Friday, April 1, 2011

Romania must sell of energy sector to end corruption

BUCHAREST (AFP) – The US ambassador to Romania Mark Gitenstein on Thursday urged authorities to sell off the country’s state-owned energy companies in order to uproot corruption and cronyism.

“The energy sector here will require significant amounts of new investment if the sector is to be a driver for, and not a drag on, Romania?s recovery,” Gitenstein said during a ceremony at the Bucharest Stock Exchange.

“In the energy sector alone you need something in the range of 10 billion euros to modernize the sector and thereby unleash your most important strategic assets,” he added.

However, this “will not happen as long as these assets are tied up in inefficient state-owned enterprises run by inexperienced political cronies making decisions based not on what?s best for the company but what serves their own interests.”

Romania’s gas production covers 70 percent of its needs while its wind-power potential makes it an El Dorado for investors in renewable energy sources. The country also has oil fields in the Black Sea and in Transylvania.

Gitenstein called on Romania to follow in the footsteps of Poland, whose government announced in 2009 that it would raise over 10 billion euros ($14 billion) by selling part of its interest in state enterprises.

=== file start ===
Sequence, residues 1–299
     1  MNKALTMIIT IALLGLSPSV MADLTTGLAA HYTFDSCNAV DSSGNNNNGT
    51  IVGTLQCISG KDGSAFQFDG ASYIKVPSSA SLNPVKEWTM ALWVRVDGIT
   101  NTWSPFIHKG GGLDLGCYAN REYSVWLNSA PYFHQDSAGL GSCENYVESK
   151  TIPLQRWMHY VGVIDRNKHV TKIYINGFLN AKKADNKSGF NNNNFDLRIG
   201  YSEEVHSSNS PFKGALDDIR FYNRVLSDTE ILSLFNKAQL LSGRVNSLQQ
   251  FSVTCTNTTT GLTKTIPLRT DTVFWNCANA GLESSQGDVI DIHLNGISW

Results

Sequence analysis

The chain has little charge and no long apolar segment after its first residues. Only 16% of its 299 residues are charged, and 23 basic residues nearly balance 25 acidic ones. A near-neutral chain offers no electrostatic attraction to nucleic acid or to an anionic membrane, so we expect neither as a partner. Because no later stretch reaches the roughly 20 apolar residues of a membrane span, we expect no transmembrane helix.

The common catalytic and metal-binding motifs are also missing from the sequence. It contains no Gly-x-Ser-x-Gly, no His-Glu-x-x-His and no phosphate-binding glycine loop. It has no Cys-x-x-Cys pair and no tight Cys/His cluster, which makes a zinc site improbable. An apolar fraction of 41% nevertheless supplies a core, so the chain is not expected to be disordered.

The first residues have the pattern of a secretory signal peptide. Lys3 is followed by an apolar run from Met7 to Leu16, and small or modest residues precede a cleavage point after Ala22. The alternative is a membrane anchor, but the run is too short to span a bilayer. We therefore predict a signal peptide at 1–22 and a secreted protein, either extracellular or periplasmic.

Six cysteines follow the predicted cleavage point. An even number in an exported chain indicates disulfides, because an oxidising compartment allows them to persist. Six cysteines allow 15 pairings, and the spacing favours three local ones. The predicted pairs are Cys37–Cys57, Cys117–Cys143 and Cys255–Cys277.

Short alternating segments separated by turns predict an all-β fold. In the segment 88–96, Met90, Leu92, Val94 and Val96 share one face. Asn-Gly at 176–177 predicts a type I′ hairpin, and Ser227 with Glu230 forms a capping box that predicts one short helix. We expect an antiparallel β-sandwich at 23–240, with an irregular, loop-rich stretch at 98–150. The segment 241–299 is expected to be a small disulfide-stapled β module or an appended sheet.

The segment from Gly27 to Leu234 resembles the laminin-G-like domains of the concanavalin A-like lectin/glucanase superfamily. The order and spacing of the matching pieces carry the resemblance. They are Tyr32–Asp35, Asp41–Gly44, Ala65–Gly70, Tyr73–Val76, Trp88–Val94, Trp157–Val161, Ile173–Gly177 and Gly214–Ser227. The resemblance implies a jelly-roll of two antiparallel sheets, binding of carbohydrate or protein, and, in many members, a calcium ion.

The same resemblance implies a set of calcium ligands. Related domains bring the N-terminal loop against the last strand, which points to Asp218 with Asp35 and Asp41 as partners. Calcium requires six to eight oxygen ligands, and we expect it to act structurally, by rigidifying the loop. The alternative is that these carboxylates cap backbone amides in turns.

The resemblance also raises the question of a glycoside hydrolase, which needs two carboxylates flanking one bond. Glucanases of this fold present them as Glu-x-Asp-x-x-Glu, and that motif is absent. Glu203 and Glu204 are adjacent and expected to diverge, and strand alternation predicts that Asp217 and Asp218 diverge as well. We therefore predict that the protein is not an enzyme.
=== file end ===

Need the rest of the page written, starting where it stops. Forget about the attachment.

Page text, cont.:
Unlike Romania, he stressed, “Poland did this not by giving preferential deals to political allies who bought the assets below their fair value but by using its equity markets.”

The ambassador added that instead of taking steps to deal with the real problems of this sector, Romania was “rearranging the deck chairs on the Titanic.

“The on-going effort to reorganize state-owned energy companies into two ‘national energy champions,’ instead of exploring full or partial privatization options, is not only an inefficient use of valuable resources” but also a policy that would significantly impede competition, he said.

The government’s plan to set up two energy champions, Electrica and Hidroenergetica, has been criticized by several of the companies concerned as well as by foreign experts.

Gitenstein also said he was impressed by Romania’s efforts to reform the state and end corruption but stressed that “the drive for reform should be coming from inside the country and not be imposed from the outside.”

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